Friday, January 18, 2013
Is it research, or going down a bunny trail? What if the bunny trail leads me into conviction?
When I was young, sometimes I tried to follow literal bunny trails, little paths threaded through long grass almost always leading deep into a thicket of multi-floral ("wild") roses. It usually took longer to get untangled and out of the sticker bushes than it did to get in, leaving me with scratches, torn clothes and no bunnies.
So I have to wonder about my research sometimes. Internet bunny trails are just a link away. I don't have to worry about thorns, torn clothes or chiggers, but want to make the most of my time.
While looking for background on Indiana and the Civil War, I have collected several reference books, read on-line sources, leafed through old family letters, and visited re-enactments and Conner Prairie. I keep going back to some favorite sources, especially ones about farming with horses, and of course, hoopskirts, even Victorian jewelry and hair art.
Some of my research nuggets are thought-provoking, though. Uncomfortably so at times.
My WIP has a thread about Spiritualism, a belief that souls of the departed linger near loved ones and can communicate with them. It was a serious movement in the 1800s.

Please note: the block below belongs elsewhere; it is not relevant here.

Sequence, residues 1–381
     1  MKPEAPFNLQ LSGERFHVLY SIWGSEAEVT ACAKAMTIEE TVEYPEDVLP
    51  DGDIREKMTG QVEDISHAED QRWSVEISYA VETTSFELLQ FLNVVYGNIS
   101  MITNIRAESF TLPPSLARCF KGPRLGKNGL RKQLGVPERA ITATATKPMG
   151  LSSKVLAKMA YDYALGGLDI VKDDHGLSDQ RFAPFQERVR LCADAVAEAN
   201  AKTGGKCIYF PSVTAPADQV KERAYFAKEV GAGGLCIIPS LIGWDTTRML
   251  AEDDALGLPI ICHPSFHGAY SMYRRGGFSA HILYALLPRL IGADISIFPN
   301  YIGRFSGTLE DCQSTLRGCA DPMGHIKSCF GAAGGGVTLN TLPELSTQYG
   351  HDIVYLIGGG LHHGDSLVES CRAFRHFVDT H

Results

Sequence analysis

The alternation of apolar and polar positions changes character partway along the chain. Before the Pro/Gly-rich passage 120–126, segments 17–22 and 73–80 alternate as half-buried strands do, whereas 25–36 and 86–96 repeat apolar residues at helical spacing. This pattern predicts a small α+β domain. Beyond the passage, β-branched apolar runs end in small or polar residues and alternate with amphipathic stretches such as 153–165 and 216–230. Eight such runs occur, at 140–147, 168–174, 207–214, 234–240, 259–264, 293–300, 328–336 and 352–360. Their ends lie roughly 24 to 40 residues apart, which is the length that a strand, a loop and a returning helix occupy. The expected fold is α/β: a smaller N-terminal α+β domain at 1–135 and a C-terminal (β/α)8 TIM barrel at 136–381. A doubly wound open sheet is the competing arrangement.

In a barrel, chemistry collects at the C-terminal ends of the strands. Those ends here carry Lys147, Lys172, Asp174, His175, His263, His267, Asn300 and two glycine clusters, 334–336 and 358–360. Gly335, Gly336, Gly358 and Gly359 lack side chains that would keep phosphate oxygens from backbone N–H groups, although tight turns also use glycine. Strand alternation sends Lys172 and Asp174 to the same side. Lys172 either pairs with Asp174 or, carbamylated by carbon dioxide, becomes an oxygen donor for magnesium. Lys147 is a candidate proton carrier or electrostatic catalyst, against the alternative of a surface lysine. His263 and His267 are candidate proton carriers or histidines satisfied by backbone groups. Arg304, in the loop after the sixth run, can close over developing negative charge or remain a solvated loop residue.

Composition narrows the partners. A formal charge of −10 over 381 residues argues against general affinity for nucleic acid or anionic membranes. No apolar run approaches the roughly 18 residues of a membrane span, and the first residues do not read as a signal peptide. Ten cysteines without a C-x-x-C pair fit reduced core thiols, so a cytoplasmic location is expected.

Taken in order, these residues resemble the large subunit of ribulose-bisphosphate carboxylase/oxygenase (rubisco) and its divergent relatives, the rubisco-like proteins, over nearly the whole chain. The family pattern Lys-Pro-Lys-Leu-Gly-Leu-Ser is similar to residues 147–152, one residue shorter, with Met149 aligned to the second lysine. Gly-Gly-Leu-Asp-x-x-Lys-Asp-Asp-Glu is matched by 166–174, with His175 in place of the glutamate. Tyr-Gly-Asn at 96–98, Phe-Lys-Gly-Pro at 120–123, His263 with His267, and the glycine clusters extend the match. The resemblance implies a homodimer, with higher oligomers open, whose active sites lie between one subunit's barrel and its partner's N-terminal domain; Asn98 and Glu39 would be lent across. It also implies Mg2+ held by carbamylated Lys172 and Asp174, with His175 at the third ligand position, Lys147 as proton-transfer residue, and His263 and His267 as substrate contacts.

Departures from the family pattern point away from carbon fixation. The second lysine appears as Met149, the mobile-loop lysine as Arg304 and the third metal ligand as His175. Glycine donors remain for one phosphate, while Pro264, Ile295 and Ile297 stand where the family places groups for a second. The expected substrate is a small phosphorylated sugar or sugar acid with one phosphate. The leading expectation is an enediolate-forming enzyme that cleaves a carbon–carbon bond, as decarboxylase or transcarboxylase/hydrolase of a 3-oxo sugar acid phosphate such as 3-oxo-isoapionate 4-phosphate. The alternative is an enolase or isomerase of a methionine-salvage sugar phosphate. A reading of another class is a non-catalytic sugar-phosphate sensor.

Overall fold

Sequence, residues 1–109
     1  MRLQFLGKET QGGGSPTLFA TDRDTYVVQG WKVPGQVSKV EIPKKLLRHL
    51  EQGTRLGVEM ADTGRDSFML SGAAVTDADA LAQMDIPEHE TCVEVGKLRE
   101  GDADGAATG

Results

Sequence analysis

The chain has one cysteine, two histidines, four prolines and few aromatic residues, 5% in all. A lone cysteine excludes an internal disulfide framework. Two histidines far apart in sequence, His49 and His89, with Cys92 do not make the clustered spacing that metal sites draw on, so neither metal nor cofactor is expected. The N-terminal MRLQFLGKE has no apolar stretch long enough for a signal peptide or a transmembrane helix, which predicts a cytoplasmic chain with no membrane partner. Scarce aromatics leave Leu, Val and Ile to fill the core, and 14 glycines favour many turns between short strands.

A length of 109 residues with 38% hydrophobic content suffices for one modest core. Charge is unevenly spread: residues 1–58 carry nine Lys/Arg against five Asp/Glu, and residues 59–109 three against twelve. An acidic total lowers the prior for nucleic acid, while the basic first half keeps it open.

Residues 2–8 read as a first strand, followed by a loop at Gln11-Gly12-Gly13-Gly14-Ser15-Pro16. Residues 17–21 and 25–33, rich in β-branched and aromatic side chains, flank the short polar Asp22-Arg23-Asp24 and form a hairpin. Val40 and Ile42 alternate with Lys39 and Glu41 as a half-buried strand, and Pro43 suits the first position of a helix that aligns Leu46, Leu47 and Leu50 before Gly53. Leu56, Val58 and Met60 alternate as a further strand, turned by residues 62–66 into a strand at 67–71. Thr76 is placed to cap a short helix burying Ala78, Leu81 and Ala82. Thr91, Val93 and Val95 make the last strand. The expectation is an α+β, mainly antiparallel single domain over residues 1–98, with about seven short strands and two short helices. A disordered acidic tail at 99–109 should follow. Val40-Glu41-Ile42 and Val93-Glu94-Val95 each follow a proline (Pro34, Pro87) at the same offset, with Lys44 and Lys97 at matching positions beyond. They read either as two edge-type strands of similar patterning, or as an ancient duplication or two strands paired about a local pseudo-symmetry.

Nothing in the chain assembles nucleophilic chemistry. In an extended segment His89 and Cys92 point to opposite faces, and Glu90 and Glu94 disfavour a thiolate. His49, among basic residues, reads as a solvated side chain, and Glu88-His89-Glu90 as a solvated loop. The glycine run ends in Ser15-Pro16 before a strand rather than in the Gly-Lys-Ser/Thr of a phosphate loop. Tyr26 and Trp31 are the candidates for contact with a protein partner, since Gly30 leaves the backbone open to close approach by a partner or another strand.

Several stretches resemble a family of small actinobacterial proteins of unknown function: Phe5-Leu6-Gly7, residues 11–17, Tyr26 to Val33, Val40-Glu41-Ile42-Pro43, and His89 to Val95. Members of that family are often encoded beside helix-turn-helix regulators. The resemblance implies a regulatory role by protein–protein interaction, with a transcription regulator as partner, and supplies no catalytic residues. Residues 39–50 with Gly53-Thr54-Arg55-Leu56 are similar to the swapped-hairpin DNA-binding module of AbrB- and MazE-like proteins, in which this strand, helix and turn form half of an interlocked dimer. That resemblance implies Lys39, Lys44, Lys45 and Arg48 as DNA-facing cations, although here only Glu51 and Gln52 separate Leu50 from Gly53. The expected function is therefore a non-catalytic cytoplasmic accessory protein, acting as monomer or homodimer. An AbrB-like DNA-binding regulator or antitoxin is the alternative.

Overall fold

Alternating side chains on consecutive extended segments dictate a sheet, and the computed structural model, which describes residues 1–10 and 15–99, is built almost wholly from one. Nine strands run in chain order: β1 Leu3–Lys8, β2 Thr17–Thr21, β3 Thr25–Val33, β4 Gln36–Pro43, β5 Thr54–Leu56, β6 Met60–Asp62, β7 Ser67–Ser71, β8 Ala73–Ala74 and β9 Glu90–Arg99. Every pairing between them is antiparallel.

As a Christian, I have all kinds of objections to that, but my characters have to work towards those conclusions. Using the "Nineteenth Century in Print" collection of periodicals from American Memory Project, I found many articles about Spiritualism from the 1800s.
I also wandered to Beliefnet, a site dedicated to spirital life. Several articles covered modern Spiritualism. Some of its beliefs and practices have been renamed and merged into the New Age movement.
What surprised and saddened me was a survey on that site about beliefs about souls of the departed. While most Christians and Jews believed in an afterlife, so did the Wiccans.
Matter of fact, when the survey asked whether the living could contact the dead, the Wiccans were most likely to believe that was true and to report having such experiences. At the other extreme were atheists, who believe it's all over at death.
As a Christian from a very grounded Midwestern farm family I find both extremes troubling. How do we as Christians share hope with such lost people? So lost that they have not a clue where they are or where they are going? How should I deal with someone with surprising beliefs?
I think fiction -- maybe not my historical romances written for other Church Ladies -- from some gifted writers could work through the thorny hedges around the hearts of such lost people.